Towards providing an automated approach to differentiating the nystagmus of Ménière’s Disease, Vestibular Migraine and Benign Paroxysmal Positional Vertigo

Phillips, John S., Newman, Jacob and Cox, Stephen (2021) Towards providing an automated approach to differentiating the nystagmus of Ménière’s Disease, Vestibular Migraine and Benign Paroxysmal Positional Vertigo. Otology & Neurotology, 42 (6). pp. 890-896. ISSN 1537-4505

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Abstract

Objective: The diagnosis of vertigo is challenging, particularly as patients usually present while asymptomatic. We have developed an ambulatory medical device that allows vestibular telemetry to record eye movements over a 30-day period to aid the diagnosis of vertigo. We have undertaken proof-of-concept work to identify unique properties of nystagmus that could be used to differentiate between three of the most common causes of vertigo: Ménière's disease, vestibular migraine, and Benign Paroxysmal Positional Vertigo. Patients: We analyze the nystagmus from patients with a diagnosis of Ménière's disease, vestibular migraine, and Benign Paroxysmal Positional Vertigo. Intervention(s): Our vestibular telemetry system includes a wearable, ambulatory monitor which continuously records horizontal and vertical eye-movements, as well as three-axis movements of the head. Main Outcome Measure(s): Horizontal and vertical eye-movement data, and three-axis head positioning data. Results: Sixteen participants were enrolled onto the study and three reported experiencing rotatory vertigo during their 30-day trial, confirmed by the presence of nystagmus in their eye-movement traces. Vestibular telemetry revealed distinct differences between the nystagmus produced during an acute Ménière's attack, and attacks of vestibular migraine and Benign Paroxysmal Positional Vertigo. Attack frequency, nystagmus duration, whether the nystagmus onset was motion provoked, nystagmus direction, slow phase velocity, and slow phase duration were found to be discriminatory features that could be exploited to allow an automated diagnosis to be made. Conclusions: The data provided by vestibular telemetry can be used to differentiate between different inner-ear causes of dizziness.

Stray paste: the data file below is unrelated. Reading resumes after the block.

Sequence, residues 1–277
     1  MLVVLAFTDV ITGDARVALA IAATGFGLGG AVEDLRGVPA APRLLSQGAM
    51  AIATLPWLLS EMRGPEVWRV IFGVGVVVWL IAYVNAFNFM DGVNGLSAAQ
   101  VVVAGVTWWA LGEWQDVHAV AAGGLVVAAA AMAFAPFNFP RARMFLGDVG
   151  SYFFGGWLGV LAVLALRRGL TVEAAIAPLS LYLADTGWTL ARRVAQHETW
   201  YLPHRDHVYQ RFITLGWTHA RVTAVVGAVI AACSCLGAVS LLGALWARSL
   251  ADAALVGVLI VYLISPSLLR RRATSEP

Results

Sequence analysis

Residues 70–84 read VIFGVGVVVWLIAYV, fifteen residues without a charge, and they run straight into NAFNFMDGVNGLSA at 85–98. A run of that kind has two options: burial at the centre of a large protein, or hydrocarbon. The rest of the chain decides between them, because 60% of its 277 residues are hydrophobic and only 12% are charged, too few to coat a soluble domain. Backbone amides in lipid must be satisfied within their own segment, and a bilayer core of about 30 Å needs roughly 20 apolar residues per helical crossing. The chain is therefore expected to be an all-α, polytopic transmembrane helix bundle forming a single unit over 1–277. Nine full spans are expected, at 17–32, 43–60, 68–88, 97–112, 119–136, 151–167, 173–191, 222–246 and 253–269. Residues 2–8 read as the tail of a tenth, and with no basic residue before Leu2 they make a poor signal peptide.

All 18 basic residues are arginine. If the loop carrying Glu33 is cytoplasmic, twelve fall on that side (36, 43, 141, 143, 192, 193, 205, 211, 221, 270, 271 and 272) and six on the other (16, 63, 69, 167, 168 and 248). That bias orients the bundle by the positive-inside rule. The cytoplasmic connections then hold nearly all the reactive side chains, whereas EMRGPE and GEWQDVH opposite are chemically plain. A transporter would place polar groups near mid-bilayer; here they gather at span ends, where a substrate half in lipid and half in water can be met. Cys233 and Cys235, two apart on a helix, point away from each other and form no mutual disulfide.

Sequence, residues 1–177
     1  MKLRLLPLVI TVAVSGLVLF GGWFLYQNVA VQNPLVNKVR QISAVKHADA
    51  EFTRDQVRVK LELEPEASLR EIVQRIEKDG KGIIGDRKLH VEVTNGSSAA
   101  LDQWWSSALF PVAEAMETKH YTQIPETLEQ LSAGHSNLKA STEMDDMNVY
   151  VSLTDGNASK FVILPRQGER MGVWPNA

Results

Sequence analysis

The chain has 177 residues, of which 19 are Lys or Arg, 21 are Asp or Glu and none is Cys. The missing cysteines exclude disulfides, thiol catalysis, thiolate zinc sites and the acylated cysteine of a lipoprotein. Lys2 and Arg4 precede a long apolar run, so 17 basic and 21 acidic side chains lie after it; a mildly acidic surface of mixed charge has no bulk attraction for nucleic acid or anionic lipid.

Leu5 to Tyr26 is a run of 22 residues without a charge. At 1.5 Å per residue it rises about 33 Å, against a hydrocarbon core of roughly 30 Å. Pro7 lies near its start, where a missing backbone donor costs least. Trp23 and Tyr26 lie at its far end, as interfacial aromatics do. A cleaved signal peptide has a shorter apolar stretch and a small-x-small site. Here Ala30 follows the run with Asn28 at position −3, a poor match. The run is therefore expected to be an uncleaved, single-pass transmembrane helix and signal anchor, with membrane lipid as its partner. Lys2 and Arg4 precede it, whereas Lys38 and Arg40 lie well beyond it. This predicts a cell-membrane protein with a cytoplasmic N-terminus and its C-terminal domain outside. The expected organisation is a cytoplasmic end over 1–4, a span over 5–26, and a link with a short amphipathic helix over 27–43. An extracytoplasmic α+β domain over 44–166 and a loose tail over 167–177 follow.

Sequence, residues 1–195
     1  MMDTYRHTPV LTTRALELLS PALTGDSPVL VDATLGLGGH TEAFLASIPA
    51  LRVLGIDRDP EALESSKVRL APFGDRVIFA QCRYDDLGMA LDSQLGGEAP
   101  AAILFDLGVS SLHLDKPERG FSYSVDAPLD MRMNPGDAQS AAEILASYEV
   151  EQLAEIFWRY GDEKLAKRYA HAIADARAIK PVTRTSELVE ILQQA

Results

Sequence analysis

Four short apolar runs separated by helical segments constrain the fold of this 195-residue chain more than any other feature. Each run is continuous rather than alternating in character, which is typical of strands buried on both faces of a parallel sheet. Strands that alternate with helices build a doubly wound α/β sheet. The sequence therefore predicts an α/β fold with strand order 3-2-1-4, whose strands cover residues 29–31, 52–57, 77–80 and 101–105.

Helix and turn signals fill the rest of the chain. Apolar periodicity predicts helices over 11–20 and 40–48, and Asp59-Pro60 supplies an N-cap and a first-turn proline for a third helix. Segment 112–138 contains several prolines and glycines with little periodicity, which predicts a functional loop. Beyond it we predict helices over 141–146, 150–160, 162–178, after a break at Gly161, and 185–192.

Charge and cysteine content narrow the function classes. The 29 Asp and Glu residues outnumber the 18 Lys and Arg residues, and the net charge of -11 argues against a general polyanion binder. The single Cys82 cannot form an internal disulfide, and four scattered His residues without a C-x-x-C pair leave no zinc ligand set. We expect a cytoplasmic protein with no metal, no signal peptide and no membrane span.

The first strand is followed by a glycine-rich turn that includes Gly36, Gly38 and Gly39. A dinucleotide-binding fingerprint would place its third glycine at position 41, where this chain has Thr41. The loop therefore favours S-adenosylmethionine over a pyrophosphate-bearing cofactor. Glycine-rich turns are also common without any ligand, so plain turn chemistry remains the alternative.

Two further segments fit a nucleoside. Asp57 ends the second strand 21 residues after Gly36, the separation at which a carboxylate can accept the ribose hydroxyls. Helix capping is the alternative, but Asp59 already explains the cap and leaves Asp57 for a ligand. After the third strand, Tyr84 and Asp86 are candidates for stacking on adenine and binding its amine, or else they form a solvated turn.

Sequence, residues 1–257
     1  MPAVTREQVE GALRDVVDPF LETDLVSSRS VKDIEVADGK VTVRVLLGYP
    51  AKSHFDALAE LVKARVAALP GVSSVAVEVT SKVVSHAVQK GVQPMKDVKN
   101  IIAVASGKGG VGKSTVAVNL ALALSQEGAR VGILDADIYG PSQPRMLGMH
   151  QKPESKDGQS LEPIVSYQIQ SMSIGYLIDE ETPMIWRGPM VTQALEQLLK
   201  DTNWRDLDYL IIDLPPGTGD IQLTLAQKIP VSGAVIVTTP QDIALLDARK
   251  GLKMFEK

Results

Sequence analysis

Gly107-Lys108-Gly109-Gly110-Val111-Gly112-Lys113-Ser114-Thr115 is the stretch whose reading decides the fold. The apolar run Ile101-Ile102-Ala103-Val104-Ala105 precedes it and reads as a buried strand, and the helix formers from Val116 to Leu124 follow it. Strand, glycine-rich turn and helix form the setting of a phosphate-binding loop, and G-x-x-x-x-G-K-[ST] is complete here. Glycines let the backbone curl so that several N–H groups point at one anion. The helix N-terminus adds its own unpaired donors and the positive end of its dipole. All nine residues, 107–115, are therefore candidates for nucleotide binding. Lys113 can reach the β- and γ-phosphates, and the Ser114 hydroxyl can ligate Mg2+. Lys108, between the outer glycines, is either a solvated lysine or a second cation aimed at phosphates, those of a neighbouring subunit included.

Item Type: Article
Faculty \ School: Faculty of Medicine and Health Sciences > Norwich Medical School
Faculty of Science > School of Computing Sciences
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Depositing User: LivePure Connector
Date Deposited: 15 Jan 2021 00:59
Last Modified: 30 Sep 2021 16:02
URI: https://ueaeprints.uea.ac.uk/id/eprint/78185
DOI: 10.1097/MAO.0000000000003083

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